People on the streets of Spalding say it was a Budget for the older generation.
The new pound coin is reminiscent of a threepenny piece and soon it will be easier to access pensions.
William Telford said scrapping the 10p tax rate on savings up to £5,000 and an added £500 allowance on the income tax threshold are the only points which affect everyone.
He said: “It seems to me, and I’m cynical about it, that they’re for the old and the people who are more likely to vote.”
There was also a tax free boost on ISAs, increasing the yearly limit to £15,000, but Andrea Wilkins called the Budget “a load of rubbish” and said it only helps those who are better off who have money to pay in.
Stephen Cleary called the Budget “pretty fair”.
Tobacco duty will rise by two per cent above inflation for the next six years. Stephen is a smoker and sees it as merely another penalty for having the habit and it won’t make him quit.
He said: “It’s just a safe bet to bang duty on cigarettes.”
Baden Pannell wasn’t impressed either and said: “I think the pension is a bit of a joke.”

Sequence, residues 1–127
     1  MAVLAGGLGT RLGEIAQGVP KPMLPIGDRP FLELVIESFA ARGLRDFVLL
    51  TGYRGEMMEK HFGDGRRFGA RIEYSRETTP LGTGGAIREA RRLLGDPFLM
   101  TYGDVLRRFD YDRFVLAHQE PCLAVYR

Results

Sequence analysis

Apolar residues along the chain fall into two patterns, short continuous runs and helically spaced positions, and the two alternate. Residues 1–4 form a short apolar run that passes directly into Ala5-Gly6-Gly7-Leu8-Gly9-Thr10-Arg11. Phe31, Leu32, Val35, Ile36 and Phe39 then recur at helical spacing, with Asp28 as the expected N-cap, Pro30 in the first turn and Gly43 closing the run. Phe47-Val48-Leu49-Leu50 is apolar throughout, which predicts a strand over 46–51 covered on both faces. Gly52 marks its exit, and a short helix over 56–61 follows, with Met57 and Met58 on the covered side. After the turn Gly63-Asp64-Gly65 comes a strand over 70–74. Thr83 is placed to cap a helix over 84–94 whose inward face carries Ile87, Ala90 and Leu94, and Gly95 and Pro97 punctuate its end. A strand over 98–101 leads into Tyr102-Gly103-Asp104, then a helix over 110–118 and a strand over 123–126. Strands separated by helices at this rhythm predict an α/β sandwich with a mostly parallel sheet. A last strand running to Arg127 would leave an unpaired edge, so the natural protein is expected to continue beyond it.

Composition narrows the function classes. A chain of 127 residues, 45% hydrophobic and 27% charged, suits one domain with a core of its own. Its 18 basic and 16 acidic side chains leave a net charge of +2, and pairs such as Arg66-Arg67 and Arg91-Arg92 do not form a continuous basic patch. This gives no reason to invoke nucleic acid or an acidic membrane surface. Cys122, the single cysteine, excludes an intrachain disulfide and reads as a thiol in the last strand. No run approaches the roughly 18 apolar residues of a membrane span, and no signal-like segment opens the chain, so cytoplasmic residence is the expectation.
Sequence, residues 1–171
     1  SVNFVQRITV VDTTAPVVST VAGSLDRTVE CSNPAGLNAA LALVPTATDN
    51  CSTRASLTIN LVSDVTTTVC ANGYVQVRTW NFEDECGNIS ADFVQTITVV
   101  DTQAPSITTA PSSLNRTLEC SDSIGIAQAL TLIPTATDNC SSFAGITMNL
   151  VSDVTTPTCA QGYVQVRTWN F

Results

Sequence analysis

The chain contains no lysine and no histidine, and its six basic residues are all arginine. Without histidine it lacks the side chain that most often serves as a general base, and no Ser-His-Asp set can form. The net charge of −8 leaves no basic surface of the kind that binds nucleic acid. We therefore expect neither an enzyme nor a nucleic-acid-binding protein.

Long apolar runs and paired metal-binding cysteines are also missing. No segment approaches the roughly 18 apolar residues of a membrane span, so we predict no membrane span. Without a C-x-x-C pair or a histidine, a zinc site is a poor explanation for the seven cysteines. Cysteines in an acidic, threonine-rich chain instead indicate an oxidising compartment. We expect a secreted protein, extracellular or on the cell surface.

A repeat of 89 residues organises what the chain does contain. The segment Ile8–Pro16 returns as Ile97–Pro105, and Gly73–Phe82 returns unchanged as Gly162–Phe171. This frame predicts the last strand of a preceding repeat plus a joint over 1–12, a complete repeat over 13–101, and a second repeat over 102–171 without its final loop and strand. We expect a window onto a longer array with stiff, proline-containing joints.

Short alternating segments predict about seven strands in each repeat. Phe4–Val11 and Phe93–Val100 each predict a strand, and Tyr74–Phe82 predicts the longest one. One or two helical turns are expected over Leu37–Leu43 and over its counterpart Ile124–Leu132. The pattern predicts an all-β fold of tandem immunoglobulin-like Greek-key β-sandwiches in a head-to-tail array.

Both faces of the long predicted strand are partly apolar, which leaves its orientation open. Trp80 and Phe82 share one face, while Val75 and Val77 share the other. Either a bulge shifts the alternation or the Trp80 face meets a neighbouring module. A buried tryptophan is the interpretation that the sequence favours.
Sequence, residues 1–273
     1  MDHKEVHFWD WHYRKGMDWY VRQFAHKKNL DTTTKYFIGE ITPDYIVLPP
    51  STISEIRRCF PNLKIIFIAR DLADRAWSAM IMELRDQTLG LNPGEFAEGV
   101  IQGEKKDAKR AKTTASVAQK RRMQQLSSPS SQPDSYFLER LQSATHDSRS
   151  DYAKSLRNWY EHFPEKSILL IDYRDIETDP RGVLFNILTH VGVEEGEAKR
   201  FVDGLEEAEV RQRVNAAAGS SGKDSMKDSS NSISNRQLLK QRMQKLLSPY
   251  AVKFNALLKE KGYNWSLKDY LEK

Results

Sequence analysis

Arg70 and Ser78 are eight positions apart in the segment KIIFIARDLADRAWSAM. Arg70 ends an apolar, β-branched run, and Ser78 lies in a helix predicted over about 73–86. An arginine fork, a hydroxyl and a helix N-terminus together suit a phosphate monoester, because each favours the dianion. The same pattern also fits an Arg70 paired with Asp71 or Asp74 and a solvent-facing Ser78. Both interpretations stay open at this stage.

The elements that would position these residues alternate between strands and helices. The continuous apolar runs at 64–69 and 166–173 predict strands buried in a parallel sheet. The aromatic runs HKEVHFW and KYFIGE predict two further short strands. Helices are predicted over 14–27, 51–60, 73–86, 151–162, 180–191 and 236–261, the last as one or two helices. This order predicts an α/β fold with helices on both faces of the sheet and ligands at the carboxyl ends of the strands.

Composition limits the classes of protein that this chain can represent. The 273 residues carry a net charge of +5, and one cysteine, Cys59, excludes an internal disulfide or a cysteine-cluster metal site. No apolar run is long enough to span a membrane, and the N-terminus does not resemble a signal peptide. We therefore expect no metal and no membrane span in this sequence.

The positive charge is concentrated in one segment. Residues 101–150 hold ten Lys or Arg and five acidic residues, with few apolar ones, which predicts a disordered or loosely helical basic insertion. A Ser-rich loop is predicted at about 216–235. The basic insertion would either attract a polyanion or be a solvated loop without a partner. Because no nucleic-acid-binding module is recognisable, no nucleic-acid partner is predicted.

From April 2015, pensioners will be given total freedom over how they withdraw money. The changes also mean having an annuity is optional, and they will be arranged on individual terms. Baden is concerned people will take cash out and still live on benefits.
The Chancellor mentioned welfare spending too, capping it at £119billon.
Baden said the freeze on fuel duty for the fourth consecutive year is good news for local people living in rural areas who rely on driving.
David Wright said the Conservative party has secured his vote. He likes the new pound coin, which is designed to cut the number of fake pound coins in circulation.
David said:“As a pensioner I think I’ll get more help with savings too.”
Charley Wright said: “I like the way things are going. I’d love to open an ISA and opt out of my work based pension.”
He’s come across fake pound coins, when parking and fruit machines decline them.